Advent Day 16: Second Sight …

When we were children, most of us were good friends with mystery. The world was full of it and we loved it. Then as we grew older, we slowly accepted the indoctrination that mystery exists only to be solved. For many of us, mystery became an adversary; unknowing became a weakness. The contemplative spiritual life is an ongoing reversal of this adjustment. It is a slow and sometimes painful process of becoming “as little children” again, in which we first make friends with mystery and finally fall in love again with it. And in that love we find an ever increasing freedom to be who we really are in an identity that is continually emerging and never defined. We are freed to join the dance of life in fullness without having a clue about what the steps are. Continue reading “Advent Day 16: Second Sight …”

Advent Day 05: Practicing Peace In Times of War …

When you’re like a keg of dynamite just about to go off, patience means just slowing down at that point—just pausing—instead of immediately acting on your usual, habitual response. You refrain from acting, you stop talking to yourself, and then you connect with the soft spot. But at the same time you are completely and totally honest with yourself about what you are feeling. You’re not suppressing anything; patience has nothing to do with suppression. In fact, it has everything to do with a gentle, honest relationship with yourself. If you wait and don’t fuel the rage with your thoughts, you can be very honest about the fact that you long for revenge; nevertheless you keep interrupting the torturous story line and stay with the underlying vulnerability. That frustration, that uneasiness and vulnerability, is nothing solid. And yet it is painful to experience. Still, just wait and be patient with your anguish and with the discomfort of it. This means relaxing with that restless, hot energy—knowing that it’s the only way to find peace for ourselves or the world. Continue reading “Advent Day 05: Practicing Peace In Times of War …”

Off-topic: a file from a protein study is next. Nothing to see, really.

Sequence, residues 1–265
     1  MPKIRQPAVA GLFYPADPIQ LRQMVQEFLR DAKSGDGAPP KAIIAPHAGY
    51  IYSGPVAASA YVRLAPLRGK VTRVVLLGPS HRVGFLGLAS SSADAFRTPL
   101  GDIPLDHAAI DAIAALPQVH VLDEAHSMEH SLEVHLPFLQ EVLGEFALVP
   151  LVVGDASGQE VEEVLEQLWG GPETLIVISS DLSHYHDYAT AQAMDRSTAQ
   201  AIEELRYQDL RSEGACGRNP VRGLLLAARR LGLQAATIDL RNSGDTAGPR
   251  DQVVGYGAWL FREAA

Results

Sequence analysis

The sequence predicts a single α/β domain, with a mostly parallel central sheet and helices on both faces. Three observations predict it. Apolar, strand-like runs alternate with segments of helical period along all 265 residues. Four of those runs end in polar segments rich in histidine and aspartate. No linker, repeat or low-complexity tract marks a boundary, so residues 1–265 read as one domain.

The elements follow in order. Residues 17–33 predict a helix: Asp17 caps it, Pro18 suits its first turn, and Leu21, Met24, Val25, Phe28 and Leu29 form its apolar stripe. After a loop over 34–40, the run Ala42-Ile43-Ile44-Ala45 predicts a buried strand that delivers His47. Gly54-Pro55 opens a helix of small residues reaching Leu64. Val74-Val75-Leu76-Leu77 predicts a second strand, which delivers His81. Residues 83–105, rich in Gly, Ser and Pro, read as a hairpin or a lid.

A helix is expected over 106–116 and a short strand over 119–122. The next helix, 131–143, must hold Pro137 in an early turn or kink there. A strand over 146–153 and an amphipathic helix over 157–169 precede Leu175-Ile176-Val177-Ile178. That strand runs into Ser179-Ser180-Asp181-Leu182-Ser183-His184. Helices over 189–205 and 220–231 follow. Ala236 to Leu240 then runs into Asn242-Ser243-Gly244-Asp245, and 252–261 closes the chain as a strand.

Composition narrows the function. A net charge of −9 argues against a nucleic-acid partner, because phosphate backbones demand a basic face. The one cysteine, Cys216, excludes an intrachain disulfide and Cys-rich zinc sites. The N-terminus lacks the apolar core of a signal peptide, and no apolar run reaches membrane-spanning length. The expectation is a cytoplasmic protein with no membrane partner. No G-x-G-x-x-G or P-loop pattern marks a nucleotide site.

Illuminating The Darkness Of Difficult Times …

Awake, my dear.
Be kind to your sleeping heart.
Take it out in the vast field of Light
And let it breathe.
— Hafiz from I Heard God Laughing: Poems of Hope and Joy

 

Our personal demons come in many guises. We experience them as shame, as jealousy, as abandonment, as rage. They are anything that makes us so uncomfortable that we continually run away.

We do the big escape … we shove the feelings under and somehow deaden the pain. We can spend our whole lives escaping from the monsters of our minds.

All over the world, people are so caught in running that they forget to take advantage of the beauty around them. We become so accustomed to speeding ahead that we rob ourselves of joy. Continue reading “Illuminating The Darkness Of Difficult Times …”

The Issue Of Fairness …

As long as we see what has come to pass as being unfair, we’ll be a prisoner of what might have been.

This is a very painful issue to discuss for most of us, because so much of how we see the world hinges on a sense of fairness and justice, those truly noble human concepts that govern how we treat each other.

But the laws of experience in the natural world, in which we have no choice but to live, do not work this way. Rather, the larger Universe, of which humankind is a small part, is a world of endless possibility and endless cycle, a world in which life forms come and go, a world itself that has erupted and reformed countless times. Continue reading “The Issue Of Fairness …”

Courage Is Fear Walking …

We want life to be as dazzling and painless as possible. Life, on the other hand, has a way of humbling us, and heartbreak is built into its agreement with the world. We’re young, until we’re not. We’re healthy, until we’re not. We’re with those we love, until we’re not. Life’s beauty is inseparable from its fragility. One of the greatest human triumphs is to choose to make room in our hearts for both the joy and the pain, and to get comfortable with being uncomfortable. This means seeing feelings not as being “good” or “bad” but as just “being.” Yes, there is this relentless assumption in our culture that we need to do something when we have inner turmoil. We must struggle with it, fix it, control it, exert brute-force willpower over it, remain positive. What we really need to do, though, is also what is most simple and obvious: nothing. That is, to just welcome these inner experiences, breathe into them, and learn their contours without racing for the exits. Continue reading “Courage Is Fear Walking …”